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I have a collection of classes all derived from a common base. I need a collection (probably a list) that will hold instances of derived classes of various types. Class operations will call virtual methods on the instances in the collection. Of course, I can't use list<Base> because holding the base class by value will slice the derived classes.

The obvious solution is to use list<Base*> and wrap it in a class with a copy constructor, a destructor, and so on. The base class would have a virtual duplicate function that is overloaded in each derived class to return a pointer to a copy-constructed new instance of that derived class. The destructor has to traverse the list and delete each item.

If there's a Boost way to do this, that's fine. I'm using Boost already. It seems to me that using Boost's shared pointers would be the best way. There would be overhead in managing the shared reference counts, but that's got to be less expensive than the allocate/copy required in the pointer case. However, this will mean that copies of the collection will result in the same instances and changing one copy will change the other.

I don't yet completely know how this code is going to actually be used. So I'm not sure if the shared copy semantics are going to be a problem. I don't think copies are going to be common, they just need to be handled sanely.

Is there another way?

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If objects are not heavy then first try boost pointer containers, else try an STL container (vector, list, etc.) with boost::shared_ptr –  bobah Mar 13 '12 at 5:53

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up vote 10 down vote accepted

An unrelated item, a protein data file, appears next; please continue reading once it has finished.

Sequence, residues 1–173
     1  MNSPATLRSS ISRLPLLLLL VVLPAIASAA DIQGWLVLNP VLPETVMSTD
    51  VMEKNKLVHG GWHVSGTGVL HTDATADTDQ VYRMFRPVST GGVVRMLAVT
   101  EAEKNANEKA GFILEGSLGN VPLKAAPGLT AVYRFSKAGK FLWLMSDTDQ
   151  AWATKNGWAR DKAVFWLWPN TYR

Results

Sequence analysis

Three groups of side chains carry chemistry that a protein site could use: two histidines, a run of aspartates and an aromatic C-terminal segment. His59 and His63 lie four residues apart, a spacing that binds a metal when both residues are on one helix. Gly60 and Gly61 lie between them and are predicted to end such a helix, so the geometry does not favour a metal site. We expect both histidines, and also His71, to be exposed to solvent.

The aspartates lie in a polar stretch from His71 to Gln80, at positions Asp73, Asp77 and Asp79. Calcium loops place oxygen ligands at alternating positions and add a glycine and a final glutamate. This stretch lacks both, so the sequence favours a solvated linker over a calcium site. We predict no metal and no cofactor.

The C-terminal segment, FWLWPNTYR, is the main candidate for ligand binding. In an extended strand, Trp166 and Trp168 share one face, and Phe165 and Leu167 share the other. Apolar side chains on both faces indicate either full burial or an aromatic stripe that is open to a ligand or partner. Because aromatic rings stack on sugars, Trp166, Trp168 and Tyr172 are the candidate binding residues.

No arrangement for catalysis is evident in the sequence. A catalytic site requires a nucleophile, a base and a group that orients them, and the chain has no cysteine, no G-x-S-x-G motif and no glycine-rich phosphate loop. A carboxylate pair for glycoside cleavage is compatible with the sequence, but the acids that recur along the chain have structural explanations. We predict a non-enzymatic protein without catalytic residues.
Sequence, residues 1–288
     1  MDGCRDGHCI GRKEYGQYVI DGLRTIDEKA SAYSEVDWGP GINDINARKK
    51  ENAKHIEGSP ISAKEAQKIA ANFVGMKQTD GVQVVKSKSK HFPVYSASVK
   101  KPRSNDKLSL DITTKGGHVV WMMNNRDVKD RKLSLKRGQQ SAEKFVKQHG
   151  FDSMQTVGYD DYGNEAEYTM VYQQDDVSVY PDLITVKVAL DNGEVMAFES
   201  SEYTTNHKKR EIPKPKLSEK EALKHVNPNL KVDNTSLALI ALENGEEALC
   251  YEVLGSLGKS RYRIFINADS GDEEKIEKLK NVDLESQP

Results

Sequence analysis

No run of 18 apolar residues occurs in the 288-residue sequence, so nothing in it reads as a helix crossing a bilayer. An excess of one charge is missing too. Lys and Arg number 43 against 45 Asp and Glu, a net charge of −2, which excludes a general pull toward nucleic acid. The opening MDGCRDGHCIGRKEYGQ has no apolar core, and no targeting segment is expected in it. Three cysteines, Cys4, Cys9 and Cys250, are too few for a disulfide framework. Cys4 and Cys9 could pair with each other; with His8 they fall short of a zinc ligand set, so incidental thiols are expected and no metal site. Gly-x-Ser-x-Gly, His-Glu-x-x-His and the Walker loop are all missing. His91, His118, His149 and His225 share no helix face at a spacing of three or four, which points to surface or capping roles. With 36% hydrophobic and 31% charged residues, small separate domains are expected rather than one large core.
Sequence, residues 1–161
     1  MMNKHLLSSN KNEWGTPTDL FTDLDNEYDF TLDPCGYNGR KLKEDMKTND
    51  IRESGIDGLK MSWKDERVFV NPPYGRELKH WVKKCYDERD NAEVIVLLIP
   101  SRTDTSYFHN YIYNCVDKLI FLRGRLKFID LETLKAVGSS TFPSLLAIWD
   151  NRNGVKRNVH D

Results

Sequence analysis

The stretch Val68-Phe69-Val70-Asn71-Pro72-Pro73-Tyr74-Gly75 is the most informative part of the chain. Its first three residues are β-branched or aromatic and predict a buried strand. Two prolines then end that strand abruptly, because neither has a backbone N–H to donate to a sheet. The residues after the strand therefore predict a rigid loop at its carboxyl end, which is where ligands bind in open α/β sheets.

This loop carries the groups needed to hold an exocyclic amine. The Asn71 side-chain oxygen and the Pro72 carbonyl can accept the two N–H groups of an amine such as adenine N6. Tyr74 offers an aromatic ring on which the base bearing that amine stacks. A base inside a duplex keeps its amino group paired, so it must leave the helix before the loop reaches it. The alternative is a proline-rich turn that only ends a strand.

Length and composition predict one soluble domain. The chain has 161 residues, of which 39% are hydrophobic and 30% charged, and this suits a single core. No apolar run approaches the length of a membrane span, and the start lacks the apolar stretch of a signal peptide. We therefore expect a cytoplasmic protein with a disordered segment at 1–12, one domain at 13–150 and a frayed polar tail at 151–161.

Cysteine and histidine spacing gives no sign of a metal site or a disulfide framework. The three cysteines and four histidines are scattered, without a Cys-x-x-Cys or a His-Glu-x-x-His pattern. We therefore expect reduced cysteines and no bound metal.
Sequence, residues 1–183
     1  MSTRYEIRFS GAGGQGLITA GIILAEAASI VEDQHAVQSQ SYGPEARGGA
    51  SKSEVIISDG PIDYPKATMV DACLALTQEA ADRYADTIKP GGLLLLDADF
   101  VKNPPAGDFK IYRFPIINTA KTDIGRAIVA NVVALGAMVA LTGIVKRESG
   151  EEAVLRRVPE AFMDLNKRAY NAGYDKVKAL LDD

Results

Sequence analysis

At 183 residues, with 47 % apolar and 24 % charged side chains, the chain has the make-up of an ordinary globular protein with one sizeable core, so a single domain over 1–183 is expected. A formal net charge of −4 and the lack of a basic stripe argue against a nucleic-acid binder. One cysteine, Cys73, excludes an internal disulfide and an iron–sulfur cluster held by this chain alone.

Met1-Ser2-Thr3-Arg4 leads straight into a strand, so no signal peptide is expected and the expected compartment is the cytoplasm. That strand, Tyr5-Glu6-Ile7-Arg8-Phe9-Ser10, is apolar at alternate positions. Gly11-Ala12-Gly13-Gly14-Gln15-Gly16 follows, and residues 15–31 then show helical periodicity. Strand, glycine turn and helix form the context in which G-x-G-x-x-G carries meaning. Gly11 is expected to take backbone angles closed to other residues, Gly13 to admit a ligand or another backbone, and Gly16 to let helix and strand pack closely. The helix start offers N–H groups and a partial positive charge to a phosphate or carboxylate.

Say hello to Boost.PointerContainer. By default, these offer deep-copy semantics when you copy the containers (this is, however, customisable). Note that you need to implement a free new_clone method for your abstract base class in the appropriate namespace.

Also, as a side note, please use std::vector as your first-choice container.

Another side note, don't wrap the container<Base*>, but rather wrap the Base* in, you guessed it, a smart pointer. C++11 offers unique_ptr if you don't want shared ownership. unique_ptr only allows moving it, you can't copy it.

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I should have guessed that Boost has a class that specifically solved this exact problem! With this solution, I'll need a null object type. I'll probably just use the base class for that. –  David Schwartz Mar 13 '12 at 5:48
    
@David: See also this related question wrt new_clone. –  Xeo Mar 13 '12 at 5:50
    
@DavidSchwartz: you do not need a null object type. A boost::ptr_vector is specifically designed not to allow null pointers by default, but it can be tuned with nullable, see the tutorial –  Matthieu M. Mar 13 '12 at 7:33
    
@MatthieuM.: Thanks! I still think I want a null object type since null objects will be rare and it'd be easier to just call methods on them that know to do the right thing than have to check for null everywhere. But it's nice that I'm doing it because I think it's best, not because I'm forced to do it by the container. –  David Schwartz Mar 13 '12 at 7:36
    
@DavidSchwartz: If it is meaningful for your application, then I agree a null object type can make your life easier. –  Matthieu M. Mar 13 '12 at 7:42

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